This winter, the northern US will experience warmer than average temperatures, thanks to El Niño.
The south will have a wetter-than-average winter through February, NOAA predicts.
Droughts in some parts of the US are expected to persist.
Thanks to El Niño, a northern swath of the US will experience warmer than average temperatures this winter while much of the southern US will see above-average precipitation levels.
El Niño happens every two to seven years when ocean temperatures warm up in the central and eastern Pacific Ocean, impacting weather patterns around the world, according to the National Weather Service.
Northern US will likely be warmer than usual
The National Oceanic and Atmospheric Administration predicts that the highest likelihood of warmer temperatures this December through February is in Alaska, the Pacific Northwest, and northern New England.
The upper Midwest, California, and parts of the South are also likely to be warmer than average.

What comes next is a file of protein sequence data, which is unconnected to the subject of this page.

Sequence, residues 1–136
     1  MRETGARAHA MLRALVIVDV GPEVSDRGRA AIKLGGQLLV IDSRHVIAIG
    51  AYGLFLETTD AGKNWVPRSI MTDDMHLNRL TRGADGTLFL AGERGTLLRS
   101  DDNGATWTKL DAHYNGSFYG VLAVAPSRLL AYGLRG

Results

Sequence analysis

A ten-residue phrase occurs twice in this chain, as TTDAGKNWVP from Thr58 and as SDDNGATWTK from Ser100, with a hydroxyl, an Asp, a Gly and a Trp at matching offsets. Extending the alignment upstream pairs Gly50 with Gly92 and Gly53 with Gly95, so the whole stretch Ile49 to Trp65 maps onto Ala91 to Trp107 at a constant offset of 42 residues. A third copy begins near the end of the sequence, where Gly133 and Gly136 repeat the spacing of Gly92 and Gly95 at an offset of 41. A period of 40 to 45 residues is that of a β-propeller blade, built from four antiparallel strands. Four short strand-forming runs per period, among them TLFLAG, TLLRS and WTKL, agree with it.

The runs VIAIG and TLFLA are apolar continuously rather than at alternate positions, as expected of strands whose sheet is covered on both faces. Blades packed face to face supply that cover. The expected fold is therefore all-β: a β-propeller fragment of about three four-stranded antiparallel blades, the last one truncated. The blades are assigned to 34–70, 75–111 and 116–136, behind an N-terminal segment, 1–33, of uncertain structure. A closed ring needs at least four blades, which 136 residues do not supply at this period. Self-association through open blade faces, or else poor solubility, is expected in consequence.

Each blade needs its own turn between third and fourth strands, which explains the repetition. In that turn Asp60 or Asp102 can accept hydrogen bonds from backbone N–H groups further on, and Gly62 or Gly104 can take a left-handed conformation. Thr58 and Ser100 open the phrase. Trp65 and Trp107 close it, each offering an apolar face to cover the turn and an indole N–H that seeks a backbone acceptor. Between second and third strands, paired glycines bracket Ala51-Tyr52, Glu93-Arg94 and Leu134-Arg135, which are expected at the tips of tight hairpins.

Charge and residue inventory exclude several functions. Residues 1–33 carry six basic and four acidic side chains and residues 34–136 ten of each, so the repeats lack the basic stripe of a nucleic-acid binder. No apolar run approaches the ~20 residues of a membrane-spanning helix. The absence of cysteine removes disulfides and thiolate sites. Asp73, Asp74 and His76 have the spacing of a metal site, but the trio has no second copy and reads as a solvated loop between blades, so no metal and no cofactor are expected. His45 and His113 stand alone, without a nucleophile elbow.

Southern US will likely be wetter than usual
While the northern US will likely be warmer, the southern US will likely be wetter between December and February, with the highest odds of above-average precipitation levels in Florida, southern Georgia, and southern Alabama, as seen in the map below.
Parts of the West, Southern Plains, and Southeast are also forecast for more rainfall this season.
Drought will persist in parts of the Southwest
El Niño's arrival is also likely to affect drought conditions in parts of the US.
Ongoing droughts in the northern Rockies, northern Great Plains, and portions of the Southwest are expected to continue from October through January, as shown in the map below.
Droughts in parts of the South and lower Midwest may improve or disappear entirely, NOAA predicts.
Overall, this winter's El Niño — the first in four years — has a 30% chance of being as strong as, or stronger, than powerful El Niño's in the past, including that of the 1997-98 winter and the 2015-16 winter, according to NOAA.
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